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The story of Ngai Tahu is a fascinating example of a small impoverished community of tribal members who by the 1970s had been reduced to a membership of less than 400. Within two decades this tribe had emerged as one of the largest corporations in the South Island with a tribal membership of over 40,000. It is the largest land-owner in the South Island with significant interests in fisheries and tourism. Explaining how and why this happened will be one of the core themes of this course. The first part of this course will look at the oral traditions and myths of Ngai Tahu with a particular emphasis on narrative templates and how these templates are reproduced in the oral traditions that outline the tribe's migration from Wellington to the South Island. The second part of the course will look at Ngai Tahu's movement from its pre-contact era to initial contact with early explorers, the settler government and the subsequent land transactions that ran from 1844 to 1864. The course will then finish with an overview of how Ngai Tahu and the Crown negotiated on the largest Treaty settlement packages in the nation's history.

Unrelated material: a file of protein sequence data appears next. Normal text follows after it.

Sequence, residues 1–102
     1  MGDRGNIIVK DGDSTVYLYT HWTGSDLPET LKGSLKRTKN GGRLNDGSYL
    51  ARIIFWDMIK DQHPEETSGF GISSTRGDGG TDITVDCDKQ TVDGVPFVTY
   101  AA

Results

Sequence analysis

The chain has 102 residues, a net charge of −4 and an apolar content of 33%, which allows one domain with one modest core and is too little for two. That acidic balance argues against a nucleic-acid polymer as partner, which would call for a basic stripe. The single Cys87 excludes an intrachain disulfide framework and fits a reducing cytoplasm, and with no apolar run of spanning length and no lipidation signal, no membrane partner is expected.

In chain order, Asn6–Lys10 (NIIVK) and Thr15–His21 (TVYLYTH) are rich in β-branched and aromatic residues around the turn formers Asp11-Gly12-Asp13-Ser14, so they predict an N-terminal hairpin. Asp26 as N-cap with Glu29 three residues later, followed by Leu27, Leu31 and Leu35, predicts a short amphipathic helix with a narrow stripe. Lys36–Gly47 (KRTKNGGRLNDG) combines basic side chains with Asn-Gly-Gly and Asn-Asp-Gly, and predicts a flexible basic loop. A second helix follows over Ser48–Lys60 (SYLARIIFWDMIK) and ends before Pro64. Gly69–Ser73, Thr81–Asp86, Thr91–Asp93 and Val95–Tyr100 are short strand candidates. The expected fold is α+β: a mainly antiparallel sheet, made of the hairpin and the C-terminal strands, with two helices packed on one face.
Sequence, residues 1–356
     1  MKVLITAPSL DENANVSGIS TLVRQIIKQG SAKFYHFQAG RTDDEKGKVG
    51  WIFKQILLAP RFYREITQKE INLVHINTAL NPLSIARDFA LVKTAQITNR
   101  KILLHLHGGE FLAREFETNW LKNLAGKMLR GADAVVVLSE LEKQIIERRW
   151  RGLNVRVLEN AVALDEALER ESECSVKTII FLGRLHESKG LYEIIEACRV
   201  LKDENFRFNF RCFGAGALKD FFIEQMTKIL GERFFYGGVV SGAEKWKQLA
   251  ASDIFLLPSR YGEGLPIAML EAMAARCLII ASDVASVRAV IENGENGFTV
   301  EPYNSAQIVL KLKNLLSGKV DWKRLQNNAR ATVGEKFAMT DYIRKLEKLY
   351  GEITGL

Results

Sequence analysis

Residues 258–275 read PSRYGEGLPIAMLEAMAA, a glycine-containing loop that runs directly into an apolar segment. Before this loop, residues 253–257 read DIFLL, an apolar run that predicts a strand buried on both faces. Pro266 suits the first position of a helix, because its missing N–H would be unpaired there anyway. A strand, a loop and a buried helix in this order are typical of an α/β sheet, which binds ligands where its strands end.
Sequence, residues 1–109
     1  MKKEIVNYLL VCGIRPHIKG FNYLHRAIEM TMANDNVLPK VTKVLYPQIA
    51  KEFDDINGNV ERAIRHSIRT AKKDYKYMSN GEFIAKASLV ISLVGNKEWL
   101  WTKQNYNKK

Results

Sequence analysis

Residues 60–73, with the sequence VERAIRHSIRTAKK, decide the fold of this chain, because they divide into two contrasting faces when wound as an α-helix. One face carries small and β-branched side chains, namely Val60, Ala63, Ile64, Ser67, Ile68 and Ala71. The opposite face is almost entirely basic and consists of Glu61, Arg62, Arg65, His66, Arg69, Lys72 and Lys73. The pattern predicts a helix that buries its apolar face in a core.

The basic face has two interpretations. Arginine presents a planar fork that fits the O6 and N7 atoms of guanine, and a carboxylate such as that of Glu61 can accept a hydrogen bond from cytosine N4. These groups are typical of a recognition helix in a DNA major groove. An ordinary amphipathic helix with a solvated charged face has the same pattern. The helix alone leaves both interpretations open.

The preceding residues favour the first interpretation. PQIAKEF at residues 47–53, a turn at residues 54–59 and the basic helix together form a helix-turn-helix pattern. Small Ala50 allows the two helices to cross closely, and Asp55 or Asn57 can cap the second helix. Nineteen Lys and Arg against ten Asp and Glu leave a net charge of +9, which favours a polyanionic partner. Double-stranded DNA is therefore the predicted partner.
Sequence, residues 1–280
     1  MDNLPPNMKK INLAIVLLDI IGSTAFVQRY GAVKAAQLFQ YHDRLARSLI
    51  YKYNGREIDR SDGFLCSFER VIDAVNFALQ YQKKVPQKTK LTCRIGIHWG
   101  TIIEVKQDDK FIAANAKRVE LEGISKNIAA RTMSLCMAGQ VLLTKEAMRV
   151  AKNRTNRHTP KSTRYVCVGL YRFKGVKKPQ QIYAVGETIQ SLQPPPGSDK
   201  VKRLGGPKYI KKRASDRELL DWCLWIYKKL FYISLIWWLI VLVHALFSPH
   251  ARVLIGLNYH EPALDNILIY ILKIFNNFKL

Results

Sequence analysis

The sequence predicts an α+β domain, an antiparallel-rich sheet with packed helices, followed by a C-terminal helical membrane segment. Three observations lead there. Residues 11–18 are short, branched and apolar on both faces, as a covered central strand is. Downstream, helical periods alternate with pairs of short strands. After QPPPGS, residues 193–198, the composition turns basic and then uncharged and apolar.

Any 15 points in Maori and Indigenous Studies ortheir double-coded equivalents orany 15 points in HIST orAncient History orPOLS orRELS orSOCI. Students without these prerequisites but with 60 points in appropriate courses may enter the course with the approval of the Head of Department.
Students must attend one activity from each section.
Domestic fee $761.00
International fee $3,188.00
* Fees include New Zealand GST and do not include any programme level discount or additional course related expenses.
For further information see
Humanities and Creative Arts.